What are Offensive Shapley Win Credits (OSWC)?

Offensive Shapley Win Credits (OSWC) are a player’s fair share of credit for helping their team outscore the opponent in a game. The “Shapley” label is used because OSWC uses the Shapley Value from cooperative game theory for its calculation. The Shapley Value formula is a method for dividing credit among individuals involved in a collaborative team production that satisfies several mathematical fairness conditions.

The interpretation of OSWC is very simple: a player’s OSWC is the number of wins they deserve credit for creating. More precisely, it is the portion of the team’s wins for which that player deserves credit based on how their offensive contribution worked in collaboration with their teammates. Suppose a team wins a game and that OSWC divides credit for that 1 win such that player A is credited with 0.67 OSWC, player B is credited with 0.33 OSWC, and all other players are credited with 0 OSWC. Then the Shapley Value calculation determined that player A’s deserves credit for 0.67 of the 1 win while player B deserves credit for only 0.33 of the 1 win.

An important property of OSWC is that it fully allocates credit for wins so that the sum of OSWC for the players on a team exactly equals the total wins of that team. If the team wins 10 games, then the players’ OSWC add to 10. If the team wins 50 games, then the players’ OSWC add to 50.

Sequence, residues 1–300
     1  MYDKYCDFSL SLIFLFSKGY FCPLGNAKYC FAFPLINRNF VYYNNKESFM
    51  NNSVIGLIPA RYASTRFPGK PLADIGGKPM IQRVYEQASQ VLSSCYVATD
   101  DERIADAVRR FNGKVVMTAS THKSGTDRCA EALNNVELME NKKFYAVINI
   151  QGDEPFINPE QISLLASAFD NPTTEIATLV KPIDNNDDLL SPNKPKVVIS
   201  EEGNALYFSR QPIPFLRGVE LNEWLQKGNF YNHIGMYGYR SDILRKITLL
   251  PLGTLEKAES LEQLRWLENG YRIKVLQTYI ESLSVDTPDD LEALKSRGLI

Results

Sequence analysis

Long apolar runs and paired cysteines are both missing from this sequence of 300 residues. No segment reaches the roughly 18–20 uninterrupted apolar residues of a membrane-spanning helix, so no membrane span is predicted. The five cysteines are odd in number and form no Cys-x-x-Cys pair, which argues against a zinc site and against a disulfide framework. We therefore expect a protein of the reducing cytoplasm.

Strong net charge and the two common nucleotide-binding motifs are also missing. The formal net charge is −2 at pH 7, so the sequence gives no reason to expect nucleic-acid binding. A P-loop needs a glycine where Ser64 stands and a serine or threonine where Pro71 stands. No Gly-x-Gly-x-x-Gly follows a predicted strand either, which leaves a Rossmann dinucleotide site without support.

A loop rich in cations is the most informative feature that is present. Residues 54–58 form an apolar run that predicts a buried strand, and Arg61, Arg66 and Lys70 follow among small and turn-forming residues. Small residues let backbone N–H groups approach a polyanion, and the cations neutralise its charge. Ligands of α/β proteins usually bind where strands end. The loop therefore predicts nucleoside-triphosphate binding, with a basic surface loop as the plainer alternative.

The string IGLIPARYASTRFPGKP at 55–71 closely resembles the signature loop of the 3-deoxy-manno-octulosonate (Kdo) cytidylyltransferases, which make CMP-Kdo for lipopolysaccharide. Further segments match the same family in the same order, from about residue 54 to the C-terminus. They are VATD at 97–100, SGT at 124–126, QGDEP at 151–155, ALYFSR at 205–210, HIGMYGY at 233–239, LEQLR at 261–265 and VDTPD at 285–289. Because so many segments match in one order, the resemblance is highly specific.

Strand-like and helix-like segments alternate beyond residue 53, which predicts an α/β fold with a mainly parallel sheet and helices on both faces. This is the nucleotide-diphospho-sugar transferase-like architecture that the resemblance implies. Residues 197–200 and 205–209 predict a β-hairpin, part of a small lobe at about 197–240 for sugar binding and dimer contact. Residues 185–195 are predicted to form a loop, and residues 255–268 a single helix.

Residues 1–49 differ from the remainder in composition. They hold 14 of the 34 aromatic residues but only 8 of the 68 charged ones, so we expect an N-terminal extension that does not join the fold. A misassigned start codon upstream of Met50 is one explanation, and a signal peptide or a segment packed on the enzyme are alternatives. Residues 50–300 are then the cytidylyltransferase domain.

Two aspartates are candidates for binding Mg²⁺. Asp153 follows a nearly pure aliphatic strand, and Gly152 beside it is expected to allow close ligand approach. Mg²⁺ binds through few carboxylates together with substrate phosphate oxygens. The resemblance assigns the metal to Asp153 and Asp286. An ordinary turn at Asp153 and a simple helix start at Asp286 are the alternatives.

Another property of OSWC is that it is a counting statistic that can be added across games, series, and seasons while retaining the same interpretation. If player A has more OSWC in a series than player B, then player A contributed more to outscoring the opponent in that series than player B.

The most distinctive property of OSWC is that it allocates credit based on how well the player worked with their teammates to outscore the opponent. That is, OSWC assigns credit based on the actual collaboration between teammates so that, for example, a double might result in more OSWC in one game than in another based on the different offensive contributions of the other teammates in those two games. This features makes OSWC fundamentally different from other statistics that attempt to remove the player from the collaborative context. For this reason, OSWC is a backward-looking statistic that reveals new insight into how to assign credit for what actually happened in a game, not a predictive statistic.